How volunteering helped my mental health

It can be a daunting experience to volunteer for a cause for the first time, especially if you experience mental health problems. Anna tells us how volunteering at her local park run helped her to build confidence and brought a sense of connection and belonging into her life during recovery from an eating disorder.


At first, I felt awkward. Awkward, and over-dressed. It was unseasonably cold, I’d told myself when leaving the house earlier that morning. However, I had to admit that my down jacket and knitted scarf looked slightly ridiculous when compared to the army of t-shirt-clad runners currently taking over the local park. To top it off, the neon pink hi-vis jacket marking me as an official volunteer was laughably large, not meant for a knock-kneed scrawny girl like me. I’d never felt more out of place in my life.

It was 09:13am on a Saturday morning. Worldwide, countless individuals were running, jogging or walking 5 km around their local park as part as part of parkrun, a weekly community event that aims to encourage inclusiveness and wellbeing. My dad was an enthusiastic participant; I wasn’t. But after weeks of ignoring his cajoling, I eventually agreed to accompany him there and take part not as a runner, but as a volunteer. At the very least, I could say that I’d tried it. Now, I waited reluctantly in my designated spot beside a makeshift funnel adorned with brightly-coloured bunting. A box of finish tokens, neatly sorted into piles of twenty, stood at my feet. My job was simple: hand out a token to each runner as they crossed the line. I began to feel nervous.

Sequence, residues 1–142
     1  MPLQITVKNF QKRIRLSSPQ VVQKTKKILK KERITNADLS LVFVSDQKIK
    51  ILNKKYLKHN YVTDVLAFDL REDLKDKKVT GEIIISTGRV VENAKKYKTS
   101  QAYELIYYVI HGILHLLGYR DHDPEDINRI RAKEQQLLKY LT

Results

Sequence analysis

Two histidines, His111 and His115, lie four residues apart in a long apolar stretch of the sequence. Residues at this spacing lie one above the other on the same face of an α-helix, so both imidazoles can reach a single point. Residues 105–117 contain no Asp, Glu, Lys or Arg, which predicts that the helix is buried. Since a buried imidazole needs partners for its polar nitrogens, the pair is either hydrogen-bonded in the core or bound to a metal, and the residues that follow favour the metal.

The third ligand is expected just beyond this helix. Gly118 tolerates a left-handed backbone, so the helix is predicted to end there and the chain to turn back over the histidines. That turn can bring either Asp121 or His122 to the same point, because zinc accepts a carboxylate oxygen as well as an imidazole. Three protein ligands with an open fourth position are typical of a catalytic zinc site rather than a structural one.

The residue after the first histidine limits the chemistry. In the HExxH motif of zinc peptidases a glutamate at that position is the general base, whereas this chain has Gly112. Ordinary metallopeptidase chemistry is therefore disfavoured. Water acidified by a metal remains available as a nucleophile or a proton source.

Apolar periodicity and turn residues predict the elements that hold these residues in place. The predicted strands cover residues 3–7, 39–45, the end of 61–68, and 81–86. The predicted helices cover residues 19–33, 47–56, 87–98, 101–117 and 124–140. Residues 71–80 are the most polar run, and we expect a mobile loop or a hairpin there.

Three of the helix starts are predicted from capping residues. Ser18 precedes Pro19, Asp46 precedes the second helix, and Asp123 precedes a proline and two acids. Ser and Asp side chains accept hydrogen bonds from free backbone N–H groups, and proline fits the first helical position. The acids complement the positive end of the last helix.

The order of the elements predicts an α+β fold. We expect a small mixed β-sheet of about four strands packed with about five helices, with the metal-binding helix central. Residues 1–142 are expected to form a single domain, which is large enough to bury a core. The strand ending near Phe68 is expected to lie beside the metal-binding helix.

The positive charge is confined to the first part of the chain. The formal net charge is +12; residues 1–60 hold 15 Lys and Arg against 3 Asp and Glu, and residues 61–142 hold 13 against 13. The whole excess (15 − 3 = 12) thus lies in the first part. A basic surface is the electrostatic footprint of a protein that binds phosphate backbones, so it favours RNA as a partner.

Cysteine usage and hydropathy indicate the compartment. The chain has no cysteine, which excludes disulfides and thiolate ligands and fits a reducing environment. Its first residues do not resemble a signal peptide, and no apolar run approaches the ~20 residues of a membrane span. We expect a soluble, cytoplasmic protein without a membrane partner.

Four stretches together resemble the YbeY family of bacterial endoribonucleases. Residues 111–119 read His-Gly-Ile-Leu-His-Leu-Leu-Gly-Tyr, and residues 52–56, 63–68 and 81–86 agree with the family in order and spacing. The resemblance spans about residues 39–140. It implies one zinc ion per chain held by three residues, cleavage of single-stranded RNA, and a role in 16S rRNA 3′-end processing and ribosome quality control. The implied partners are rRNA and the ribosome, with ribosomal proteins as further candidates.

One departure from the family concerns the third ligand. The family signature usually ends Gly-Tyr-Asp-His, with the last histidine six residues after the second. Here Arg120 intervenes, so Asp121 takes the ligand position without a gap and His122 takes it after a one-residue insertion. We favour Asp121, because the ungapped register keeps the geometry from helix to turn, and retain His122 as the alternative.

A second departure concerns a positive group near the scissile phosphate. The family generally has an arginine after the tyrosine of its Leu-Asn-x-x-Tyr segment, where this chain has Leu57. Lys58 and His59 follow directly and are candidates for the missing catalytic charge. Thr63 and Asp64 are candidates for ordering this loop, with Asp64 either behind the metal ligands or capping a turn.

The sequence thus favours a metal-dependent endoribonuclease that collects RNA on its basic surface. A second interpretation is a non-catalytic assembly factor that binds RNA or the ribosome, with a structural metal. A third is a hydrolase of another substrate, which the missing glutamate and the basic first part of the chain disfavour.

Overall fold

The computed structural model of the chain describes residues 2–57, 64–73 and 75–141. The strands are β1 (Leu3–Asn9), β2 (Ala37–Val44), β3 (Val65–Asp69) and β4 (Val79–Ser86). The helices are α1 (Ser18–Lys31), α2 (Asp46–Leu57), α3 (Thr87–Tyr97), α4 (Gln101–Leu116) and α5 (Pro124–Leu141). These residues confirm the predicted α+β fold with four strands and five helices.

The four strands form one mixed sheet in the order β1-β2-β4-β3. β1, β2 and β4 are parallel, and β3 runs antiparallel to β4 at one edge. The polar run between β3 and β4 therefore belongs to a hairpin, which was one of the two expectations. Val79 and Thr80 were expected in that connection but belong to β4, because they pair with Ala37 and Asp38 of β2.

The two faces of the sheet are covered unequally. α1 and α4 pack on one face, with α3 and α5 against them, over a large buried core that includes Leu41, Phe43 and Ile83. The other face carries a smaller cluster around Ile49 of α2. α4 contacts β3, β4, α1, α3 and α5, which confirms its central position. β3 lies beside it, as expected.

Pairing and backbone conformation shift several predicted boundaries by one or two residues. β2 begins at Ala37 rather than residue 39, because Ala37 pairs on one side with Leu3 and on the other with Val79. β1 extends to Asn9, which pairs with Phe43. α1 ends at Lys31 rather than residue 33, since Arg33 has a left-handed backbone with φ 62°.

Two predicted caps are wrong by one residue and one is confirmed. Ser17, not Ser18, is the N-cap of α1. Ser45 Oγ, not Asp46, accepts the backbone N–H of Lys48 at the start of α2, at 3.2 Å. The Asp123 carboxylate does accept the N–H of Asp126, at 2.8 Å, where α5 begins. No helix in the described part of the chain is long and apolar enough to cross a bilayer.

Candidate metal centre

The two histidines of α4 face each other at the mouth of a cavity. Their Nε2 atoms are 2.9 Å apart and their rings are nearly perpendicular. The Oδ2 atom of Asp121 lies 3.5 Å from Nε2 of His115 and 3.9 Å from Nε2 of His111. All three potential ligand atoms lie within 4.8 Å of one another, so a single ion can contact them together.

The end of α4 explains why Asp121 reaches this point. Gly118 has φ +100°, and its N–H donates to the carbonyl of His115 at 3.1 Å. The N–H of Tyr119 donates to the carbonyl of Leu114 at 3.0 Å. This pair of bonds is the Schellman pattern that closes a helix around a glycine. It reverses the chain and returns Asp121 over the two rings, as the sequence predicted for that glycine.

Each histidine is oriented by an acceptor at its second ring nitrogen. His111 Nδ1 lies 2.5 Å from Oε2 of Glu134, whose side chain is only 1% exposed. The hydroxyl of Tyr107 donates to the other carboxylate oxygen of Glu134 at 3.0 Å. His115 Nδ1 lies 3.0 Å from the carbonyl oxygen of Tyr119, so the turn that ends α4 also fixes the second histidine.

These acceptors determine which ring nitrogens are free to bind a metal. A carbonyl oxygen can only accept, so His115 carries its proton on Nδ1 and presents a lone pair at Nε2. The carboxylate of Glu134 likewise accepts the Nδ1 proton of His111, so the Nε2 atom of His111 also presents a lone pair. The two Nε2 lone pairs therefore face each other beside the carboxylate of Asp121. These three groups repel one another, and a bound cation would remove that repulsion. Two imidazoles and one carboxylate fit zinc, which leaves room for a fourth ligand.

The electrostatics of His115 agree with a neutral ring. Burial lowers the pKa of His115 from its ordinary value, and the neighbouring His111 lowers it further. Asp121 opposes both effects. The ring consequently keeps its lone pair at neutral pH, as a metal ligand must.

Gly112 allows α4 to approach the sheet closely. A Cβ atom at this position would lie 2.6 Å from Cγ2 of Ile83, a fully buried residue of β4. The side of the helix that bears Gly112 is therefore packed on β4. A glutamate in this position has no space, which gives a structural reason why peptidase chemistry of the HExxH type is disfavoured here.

"With depression and anxiety; leaving the house is a struggle at the best of times and I could still feel my heart pounding."

– Anna

My main struggle is with a long-standing eating disorder, and I’ve previously had an unhealthy and obsessive relationship with exercise. Maybe running had once been fun, at some point during early childhood, but it had quickly become all about performance – running further, faster, harder. I wasn’t currently in a position in my recovery where I was able to run, but I knew that decision was best. However, watching the participants make their way around the park whilst I stood by was still hard to deal with.

I checked my watch. 09:15am. The first runner would be finishing soon; my anxiety levels spiked. I was meant to be ‘friendly’ as I gave out the tokens, but what did that mean? Should I congratulate the runners? Give them high-fives? What if they had headphones on – could they hear me? What if the walkers thought I was making fun of them, jeering at their slower pace? My blood rushed even faster, and I wished I had just stayed at home.